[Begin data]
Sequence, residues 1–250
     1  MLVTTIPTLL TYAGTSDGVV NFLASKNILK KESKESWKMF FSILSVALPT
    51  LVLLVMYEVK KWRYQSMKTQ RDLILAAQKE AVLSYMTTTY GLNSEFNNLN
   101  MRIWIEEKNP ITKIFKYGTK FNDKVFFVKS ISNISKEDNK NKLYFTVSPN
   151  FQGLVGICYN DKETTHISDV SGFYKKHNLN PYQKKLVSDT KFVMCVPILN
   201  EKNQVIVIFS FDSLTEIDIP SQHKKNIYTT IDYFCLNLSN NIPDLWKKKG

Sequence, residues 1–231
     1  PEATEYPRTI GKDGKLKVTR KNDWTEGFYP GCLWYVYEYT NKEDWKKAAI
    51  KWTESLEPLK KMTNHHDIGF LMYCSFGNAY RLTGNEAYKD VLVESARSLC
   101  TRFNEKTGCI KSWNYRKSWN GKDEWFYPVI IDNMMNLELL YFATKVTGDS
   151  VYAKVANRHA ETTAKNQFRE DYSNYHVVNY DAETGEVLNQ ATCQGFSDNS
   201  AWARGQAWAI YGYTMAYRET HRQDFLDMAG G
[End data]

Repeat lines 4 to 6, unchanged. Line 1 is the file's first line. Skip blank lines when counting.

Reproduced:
   101  MRIWIEEKNP ITKIFKYGTK FNDKVFFVKS ISNISKEDNK NKLYFTVSPN
   151  FQGLVGICYN DKETTHISDV SGFYKKHNLN PYQKKLVSDT KFVMCVPILN
   201  EKNQVIVIFS FDSLTEIDIP SQHKKNIYTT IDYFCLNLSN NIPDLWKKKG